The Wisdom of Santa Clause (29 Month Update)

February 16, 2013 by  
Filed under Our Recovery Journal

Every child knows the rules of Christmas.  Behave well and Santa will bring presents.  As a child gets older, they begin to assess Santa’s generosity.  He is clearly a fair and generous man.  Therefore, the presents should be distributed evenly among the children according to the level of their behavior.

The only problem with “fairness” is that every child considers fairness in a different way. 

The majority of kids define fairness by counting.  If Santa left x presents for child #1, then he should leave x presents for child #2.  If the count is equal, then the situation could be considered fair.  However, some children overthink it by using a weighted average.  Large & valuable presents count more than average presents and comparisons are adjusted to reflect the different value of each wrapped box.  Perceived disparities between siblings have ruined many a Christmas morning.  Getting free stuff isn’t nearly as exciting when a brother or sister gets even more free stuff.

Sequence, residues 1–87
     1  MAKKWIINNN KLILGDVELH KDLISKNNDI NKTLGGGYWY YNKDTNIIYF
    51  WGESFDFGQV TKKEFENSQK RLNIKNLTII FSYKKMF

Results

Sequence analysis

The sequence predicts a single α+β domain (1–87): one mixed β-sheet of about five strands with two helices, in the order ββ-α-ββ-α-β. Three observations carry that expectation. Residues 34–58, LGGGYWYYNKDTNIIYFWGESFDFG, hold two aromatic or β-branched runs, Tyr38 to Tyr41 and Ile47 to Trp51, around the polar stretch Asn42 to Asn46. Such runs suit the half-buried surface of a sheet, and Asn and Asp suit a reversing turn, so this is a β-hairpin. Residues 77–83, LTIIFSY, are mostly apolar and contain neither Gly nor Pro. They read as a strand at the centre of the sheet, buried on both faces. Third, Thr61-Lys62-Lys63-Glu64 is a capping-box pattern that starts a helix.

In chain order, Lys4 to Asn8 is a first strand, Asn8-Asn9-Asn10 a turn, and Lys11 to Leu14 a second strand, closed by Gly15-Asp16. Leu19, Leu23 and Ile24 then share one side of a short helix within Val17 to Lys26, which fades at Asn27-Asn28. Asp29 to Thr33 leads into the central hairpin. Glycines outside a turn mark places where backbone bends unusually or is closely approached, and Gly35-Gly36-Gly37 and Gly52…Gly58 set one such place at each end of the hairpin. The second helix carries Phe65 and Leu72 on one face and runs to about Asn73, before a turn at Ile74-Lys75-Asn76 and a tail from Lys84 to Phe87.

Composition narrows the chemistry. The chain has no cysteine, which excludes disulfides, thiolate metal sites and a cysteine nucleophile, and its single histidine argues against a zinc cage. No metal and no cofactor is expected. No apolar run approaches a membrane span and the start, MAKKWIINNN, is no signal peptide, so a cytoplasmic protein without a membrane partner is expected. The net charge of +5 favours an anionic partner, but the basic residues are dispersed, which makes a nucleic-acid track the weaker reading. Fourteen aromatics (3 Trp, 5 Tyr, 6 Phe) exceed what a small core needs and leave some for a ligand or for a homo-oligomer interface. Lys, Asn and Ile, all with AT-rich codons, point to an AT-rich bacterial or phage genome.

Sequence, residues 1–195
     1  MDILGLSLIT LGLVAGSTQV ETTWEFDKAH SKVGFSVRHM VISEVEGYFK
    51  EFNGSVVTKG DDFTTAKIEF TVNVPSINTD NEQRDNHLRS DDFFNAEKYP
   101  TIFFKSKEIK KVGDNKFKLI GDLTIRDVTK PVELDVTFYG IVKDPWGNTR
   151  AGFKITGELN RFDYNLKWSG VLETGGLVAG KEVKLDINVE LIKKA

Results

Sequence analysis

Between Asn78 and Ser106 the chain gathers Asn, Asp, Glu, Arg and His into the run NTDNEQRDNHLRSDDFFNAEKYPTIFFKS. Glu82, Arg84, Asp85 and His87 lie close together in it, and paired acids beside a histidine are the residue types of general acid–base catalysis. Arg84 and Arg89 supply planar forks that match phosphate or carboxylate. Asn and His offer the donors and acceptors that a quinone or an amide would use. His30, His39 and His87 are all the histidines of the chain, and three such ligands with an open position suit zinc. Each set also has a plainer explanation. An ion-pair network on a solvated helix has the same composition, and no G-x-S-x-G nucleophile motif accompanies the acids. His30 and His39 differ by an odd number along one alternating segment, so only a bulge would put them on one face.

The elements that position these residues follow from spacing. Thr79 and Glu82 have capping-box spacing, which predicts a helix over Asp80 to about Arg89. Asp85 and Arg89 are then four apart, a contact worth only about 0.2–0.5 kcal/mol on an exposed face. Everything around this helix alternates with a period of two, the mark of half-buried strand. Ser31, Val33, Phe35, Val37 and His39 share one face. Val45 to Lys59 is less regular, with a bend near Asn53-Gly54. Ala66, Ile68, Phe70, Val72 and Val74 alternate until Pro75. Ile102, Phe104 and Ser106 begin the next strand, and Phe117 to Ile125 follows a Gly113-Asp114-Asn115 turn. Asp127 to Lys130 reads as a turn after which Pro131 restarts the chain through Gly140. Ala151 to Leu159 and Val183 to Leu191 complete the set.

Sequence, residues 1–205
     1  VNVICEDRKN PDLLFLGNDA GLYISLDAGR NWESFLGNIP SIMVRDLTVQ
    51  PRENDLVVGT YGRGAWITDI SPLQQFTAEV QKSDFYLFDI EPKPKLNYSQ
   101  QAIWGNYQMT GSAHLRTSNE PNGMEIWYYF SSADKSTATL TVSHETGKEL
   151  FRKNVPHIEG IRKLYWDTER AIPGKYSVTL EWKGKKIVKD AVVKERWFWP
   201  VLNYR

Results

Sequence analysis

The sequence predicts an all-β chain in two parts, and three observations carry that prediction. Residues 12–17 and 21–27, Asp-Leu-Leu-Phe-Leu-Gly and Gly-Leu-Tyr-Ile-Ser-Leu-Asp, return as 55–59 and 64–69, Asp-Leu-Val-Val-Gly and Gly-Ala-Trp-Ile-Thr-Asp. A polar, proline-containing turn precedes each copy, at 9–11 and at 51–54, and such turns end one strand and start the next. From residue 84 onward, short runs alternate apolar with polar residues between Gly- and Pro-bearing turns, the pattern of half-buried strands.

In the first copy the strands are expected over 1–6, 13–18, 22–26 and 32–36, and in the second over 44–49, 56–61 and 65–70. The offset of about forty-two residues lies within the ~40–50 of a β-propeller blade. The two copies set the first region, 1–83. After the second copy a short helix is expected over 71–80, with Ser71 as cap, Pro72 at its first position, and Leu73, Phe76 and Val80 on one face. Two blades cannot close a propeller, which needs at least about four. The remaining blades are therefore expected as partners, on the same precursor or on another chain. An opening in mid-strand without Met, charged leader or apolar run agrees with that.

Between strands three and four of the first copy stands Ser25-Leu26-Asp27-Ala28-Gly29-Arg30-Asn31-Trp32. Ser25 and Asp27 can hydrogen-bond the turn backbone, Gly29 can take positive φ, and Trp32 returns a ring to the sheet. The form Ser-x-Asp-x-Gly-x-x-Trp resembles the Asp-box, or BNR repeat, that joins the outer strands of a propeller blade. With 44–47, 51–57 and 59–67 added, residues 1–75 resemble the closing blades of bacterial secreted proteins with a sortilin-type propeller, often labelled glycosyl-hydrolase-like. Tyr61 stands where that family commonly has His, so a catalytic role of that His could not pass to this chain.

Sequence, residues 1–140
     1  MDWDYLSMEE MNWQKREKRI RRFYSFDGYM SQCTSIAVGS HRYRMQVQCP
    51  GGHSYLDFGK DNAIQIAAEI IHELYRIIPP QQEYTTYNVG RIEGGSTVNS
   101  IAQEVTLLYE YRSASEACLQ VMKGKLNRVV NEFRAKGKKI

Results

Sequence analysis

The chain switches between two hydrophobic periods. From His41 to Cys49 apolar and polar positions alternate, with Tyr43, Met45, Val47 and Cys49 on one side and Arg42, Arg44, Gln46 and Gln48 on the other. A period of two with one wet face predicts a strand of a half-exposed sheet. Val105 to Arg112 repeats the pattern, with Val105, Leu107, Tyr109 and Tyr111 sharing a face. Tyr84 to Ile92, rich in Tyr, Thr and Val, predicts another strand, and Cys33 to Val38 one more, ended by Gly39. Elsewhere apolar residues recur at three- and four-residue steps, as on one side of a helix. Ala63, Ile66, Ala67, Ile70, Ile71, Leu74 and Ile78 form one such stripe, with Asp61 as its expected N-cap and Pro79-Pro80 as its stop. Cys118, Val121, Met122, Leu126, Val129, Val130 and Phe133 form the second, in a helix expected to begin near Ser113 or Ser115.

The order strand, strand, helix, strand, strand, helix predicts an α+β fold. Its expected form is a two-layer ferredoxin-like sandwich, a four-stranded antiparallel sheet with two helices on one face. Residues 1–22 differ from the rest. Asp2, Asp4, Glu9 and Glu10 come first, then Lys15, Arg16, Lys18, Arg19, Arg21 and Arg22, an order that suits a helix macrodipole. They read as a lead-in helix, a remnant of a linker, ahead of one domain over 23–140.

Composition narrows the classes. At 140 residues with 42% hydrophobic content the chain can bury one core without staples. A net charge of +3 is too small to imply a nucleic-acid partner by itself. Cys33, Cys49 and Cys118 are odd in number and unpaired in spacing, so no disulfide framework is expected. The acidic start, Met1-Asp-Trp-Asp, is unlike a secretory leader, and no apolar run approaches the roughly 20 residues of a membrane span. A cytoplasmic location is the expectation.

From the beginning of time, Christmas morning has been met with joy… and jealousy.  A child can show tremendous maturity in appreciating that a stranger was generous enough to give them something they wanted.  This same child can quickly become a monster when brother or sister receives something just a little better.

The parents of the world would be better off if Santa let us know what to expect on Christmas morning.  We trust him to come into our home and leave appropriate presents, but his list contains millions of children from all over the world… how much time and energy does he really have to consider the needs of our children?